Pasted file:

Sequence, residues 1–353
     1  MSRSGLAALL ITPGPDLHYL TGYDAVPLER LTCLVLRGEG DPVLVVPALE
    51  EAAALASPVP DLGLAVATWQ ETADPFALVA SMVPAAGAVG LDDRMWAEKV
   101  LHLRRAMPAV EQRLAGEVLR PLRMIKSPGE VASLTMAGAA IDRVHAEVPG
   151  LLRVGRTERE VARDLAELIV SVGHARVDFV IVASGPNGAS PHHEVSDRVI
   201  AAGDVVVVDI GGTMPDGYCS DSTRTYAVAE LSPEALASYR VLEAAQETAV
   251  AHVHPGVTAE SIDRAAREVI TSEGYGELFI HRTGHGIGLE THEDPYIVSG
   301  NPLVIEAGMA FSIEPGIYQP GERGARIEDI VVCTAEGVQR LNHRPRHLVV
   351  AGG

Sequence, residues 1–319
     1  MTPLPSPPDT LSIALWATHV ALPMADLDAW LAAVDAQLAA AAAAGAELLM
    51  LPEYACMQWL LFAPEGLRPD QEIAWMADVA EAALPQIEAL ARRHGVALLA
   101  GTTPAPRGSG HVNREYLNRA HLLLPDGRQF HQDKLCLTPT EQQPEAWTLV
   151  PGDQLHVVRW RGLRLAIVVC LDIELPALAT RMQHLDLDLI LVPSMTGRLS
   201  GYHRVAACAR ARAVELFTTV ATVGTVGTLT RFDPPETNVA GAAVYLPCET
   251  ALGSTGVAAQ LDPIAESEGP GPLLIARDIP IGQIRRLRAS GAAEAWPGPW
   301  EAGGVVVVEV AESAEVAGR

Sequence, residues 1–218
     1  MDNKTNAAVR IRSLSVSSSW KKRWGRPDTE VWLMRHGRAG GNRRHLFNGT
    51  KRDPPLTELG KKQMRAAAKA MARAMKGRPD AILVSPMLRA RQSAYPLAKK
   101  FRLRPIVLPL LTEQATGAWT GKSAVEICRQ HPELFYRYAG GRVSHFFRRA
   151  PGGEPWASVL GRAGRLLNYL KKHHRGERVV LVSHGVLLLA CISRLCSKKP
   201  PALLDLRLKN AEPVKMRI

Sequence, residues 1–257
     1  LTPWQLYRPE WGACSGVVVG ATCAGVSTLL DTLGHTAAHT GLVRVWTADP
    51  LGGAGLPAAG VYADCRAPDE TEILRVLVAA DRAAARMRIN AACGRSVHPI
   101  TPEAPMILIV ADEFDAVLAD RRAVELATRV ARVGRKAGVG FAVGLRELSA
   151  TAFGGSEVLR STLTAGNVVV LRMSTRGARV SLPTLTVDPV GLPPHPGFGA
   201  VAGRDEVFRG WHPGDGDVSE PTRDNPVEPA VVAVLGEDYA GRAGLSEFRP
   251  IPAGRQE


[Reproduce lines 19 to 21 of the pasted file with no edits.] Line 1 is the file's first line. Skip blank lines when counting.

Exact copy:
     1  MDNKTNAAVR IRSLSVSSSW KKRWGRPDTE VWLMRHGRAG GNRRHLFNGT
    51  KRDPPLTELG KKQMRAAAKA MARAMKGRPD AILVSPMLRA RQSAYPLAKK
   101  FRLRPIVLPL LTEQATGAWT GKSAVEICRQ HPELFYRYAG GRVSHFFRRA